Along the way, she has about a decade and a half of data analysis work under her belt and currently works as a blog coordinator for a high-end wedding blog and also as a blogger for hire (topics include diverse subjects like ad retargeting but also the nursing job market), and has a shingle out to work on social media presence, with a focus on independent authors as she is also a published science fiction author. Plus, she has been a community manager for a large Q & A website since 2002, which is before that existed as a job title.
She was raised on Long Island so, when she is riled up, the accent gallops back out and she can sound like Fran Drescher with a law degree. She lives in Boston with her husband of over 20 years and more computers than they need.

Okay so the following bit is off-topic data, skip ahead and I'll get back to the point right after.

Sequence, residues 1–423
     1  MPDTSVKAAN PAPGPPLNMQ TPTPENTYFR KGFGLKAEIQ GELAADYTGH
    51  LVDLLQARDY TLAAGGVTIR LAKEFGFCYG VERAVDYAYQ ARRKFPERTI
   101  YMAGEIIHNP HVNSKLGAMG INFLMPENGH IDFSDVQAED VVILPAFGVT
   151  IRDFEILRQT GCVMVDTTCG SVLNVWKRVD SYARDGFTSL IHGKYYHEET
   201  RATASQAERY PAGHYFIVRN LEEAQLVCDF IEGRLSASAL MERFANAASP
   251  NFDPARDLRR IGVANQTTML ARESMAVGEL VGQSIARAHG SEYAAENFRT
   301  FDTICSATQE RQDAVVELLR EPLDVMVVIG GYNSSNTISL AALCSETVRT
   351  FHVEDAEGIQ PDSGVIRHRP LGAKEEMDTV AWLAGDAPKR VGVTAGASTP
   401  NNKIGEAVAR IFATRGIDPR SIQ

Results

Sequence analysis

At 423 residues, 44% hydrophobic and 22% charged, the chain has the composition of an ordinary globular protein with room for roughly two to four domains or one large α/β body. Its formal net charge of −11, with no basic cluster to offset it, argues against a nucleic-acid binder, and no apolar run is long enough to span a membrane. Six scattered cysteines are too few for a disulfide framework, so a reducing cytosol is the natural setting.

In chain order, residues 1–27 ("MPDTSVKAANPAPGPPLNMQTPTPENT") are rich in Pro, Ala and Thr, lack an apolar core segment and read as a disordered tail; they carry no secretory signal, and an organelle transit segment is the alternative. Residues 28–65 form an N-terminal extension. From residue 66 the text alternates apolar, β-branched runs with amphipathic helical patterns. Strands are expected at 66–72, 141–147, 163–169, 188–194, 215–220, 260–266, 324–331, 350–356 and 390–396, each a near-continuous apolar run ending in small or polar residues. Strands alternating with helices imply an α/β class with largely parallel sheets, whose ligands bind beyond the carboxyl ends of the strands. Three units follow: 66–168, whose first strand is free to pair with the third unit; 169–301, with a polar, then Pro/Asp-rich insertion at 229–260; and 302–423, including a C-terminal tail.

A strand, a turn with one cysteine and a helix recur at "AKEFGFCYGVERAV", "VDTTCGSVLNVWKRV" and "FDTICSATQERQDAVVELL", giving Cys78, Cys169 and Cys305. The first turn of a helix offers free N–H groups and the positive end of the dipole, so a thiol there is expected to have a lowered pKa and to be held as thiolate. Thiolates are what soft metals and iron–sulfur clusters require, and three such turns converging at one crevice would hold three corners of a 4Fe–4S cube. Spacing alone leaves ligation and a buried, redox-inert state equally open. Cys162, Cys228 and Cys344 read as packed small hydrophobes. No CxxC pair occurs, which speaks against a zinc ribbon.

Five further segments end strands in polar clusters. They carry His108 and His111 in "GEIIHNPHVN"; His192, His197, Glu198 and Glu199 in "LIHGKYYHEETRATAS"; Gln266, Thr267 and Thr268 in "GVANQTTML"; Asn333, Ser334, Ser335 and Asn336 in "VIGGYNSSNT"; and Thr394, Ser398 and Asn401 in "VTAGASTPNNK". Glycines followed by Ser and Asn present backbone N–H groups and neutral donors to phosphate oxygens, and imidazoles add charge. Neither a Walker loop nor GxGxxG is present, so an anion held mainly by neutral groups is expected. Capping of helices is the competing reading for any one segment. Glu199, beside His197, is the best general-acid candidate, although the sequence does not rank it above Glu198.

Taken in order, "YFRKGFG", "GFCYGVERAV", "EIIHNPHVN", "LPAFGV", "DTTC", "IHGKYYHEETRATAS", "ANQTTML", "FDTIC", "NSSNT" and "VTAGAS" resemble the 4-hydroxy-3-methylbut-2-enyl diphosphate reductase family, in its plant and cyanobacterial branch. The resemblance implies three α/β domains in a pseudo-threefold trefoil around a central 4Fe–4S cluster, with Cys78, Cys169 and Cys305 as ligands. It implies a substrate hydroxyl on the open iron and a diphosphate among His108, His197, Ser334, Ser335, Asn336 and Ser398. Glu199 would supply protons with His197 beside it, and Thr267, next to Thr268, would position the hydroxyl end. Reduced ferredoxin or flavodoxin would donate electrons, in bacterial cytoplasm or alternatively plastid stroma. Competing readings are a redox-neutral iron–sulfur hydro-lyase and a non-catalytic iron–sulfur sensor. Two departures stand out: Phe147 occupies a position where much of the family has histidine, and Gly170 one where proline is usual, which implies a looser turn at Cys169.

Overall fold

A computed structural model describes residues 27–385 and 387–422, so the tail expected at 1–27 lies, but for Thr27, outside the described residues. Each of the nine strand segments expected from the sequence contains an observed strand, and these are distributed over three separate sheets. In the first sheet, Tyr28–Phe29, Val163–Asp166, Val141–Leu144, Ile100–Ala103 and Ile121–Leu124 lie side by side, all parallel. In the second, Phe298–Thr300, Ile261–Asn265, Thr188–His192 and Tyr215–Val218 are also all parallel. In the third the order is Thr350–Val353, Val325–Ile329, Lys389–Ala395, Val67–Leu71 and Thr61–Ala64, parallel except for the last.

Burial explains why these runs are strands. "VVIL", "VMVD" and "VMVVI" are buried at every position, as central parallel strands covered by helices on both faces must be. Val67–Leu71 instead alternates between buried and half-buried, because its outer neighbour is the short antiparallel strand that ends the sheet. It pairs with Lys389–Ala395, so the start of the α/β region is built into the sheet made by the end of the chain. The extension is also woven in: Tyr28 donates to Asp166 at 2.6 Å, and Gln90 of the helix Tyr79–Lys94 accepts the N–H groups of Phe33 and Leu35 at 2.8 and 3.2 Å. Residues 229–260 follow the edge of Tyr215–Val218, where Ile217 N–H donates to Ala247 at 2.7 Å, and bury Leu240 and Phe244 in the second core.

She can always be bribed with pie.
Latest posts by Janet Gershen-Siegel (see all)
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Legal Glossary T – Z
Legal Glossary T – Z – as always, for missing and confusing terms, tell me!
First of all, this glossary does not substitute for a good legal dictionary. And we provide it solely to assist you in reading some of our blog posts and in listening to our shows.
Impress your friends with this definition! Okay, I’m just kidding. A tailage means a tax or a toll. See: tailage.
Similar to eminent domain, a taking constitutes when the government takes a part of personal property. Furthermore, the government must provide compensation. See: taking.
The Tenth amendment to the United States Constitution states, in its entirety: